Tlaltecuhtli ("Coatlicue del Metro") VS. the Colossal Coatlicue
The nickname of this three-dimentional Tlaltecuhtli sculpture is “Coatlicue of the Metro” due to its visual similarities to the colossal Coatlicue in the National Museum of Anthropology in Mexico city. Coatlicue, “the serpent skirt,” is the mother of the sun, the moon, the stars, patroness of life and death. Art historians believe that these two monuments were produced by the same Aztec workshop.
Scale-wise, the Coatlicue is almost three times bigger than the Tlatecuhtli monument. It is also much more solemn. The Coalicue statue is standing, whereas Tlatecuhtli is crouching.
Their front view shows the most obviously similar iconography on their templates, which is the necklace. Coatlicue has a skull in the center of the necklace, whereas Tlatecuhtli only has hands and hearts.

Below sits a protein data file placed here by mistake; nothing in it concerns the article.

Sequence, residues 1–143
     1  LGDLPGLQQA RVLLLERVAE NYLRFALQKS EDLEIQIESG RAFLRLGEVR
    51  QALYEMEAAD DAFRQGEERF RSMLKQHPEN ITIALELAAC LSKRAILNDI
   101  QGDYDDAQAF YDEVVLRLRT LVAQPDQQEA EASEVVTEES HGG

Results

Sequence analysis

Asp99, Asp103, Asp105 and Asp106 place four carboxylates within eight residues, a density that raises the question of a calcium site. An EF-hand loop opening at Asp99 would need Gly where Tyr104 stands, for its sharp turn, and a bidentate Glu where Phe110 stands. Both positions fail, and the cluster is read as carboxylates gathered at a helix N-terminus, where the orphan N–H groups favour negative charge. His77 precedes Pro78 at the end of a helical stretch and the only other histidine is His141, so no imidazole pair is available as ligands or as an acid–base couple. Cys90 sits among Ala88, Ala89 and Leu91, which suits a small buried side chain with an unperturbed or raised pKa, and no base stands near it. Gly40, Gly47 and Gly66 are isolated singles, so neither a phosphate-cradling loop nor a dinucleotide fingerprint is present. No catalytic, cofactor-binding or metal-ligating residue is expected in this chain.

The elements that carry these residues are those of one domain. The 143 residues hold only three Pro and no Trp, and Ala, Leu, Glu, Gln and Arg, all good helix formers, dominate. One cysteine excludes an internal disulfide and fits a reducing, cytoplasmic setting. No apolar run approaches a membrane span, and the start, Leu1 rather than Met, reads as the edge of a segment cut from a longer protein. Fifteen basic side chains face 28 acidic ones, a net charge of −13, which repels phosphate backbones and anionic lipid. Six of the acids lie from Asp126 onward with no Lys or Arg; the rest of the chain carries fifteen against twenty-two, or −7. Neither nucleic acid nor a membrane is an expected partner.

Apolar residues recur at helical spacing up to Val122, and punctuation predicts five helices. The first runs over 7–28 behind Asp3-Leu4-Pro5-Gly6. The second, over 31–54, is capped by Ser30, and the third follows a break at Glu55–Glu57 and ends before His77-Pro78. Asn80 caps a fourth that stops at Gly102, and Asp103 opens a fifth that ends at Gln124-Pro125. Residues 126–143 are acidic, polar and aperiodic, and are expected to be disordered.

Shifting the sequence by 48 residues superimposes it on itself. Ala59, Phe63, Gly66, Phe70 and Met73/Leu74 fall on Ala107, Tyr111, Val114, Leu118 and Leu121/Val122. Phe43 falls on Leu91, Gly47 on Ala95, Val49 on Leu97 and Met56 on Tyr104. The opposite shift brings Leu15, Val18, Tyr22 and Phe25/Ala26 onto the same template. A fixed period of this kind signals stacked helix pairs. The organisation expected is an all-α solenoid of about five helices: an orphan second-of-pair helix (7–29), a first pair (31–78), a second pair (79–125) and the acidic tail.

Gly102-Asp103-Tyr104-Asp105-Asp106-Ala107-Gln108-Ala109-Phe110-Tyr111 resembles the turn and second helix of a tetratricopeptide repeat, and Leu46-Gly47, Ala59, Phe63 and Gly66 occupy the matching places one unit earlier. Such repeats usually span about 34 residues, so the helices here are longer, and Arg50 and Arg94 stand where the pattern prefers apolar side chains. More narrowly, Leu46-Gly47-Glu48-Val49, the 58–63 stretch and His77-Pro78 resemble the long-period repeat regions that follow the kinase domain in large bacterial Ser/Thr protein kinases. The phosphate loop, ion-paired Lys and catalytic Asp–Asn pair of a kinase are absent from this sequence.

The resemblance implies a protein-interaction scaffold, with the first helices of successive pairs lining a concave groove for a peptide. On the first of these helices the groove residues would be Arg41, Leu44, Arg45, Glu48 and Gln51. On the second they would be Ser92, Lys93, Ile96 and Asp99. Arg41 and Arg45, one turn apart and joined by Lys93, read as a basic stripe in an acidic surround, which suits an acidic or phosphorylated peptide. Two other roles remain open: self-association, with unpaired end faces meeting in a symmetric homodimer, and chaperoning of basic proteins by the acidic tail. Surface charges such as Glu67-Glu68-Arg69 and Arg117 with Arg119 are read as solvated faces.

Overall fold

Their faces are radically different. Coatlicue’s head consists of two fanged serpents facing each other. Tlatecuhtli’s face is on its topside, with a human-like face, fangs, flint knife tongue, and hands rising on the sides.
From their back view, we see the similar back aprons with a skull. Elizabeth Boone writes, unlike Coatlicue who associates with eagle and has feather on her back apron, Tlatecuhtli “has jaguar pelt marking that tie them more closely with the earth” because jaguar associates with night, in this case, the night journey of the sun travel underneath the earth. Further, both of them wear skirts. Coatlicue’s skirt is a net of interwoven serpents, but Tlatecuhtli wears a skirt that consists of skulls and crossbones.
In any case, compared to Coatlicue, who has synthesis meanings for the Aztec duality – for she is the goddess of the creator and the destroyer, life and death, mobility and immobility, heaven and the underworld, beauty and horror – Tlatecuhtli emphasizes majorly only on the terrestrial elements. However, its duality reflects from a different perspective: gender.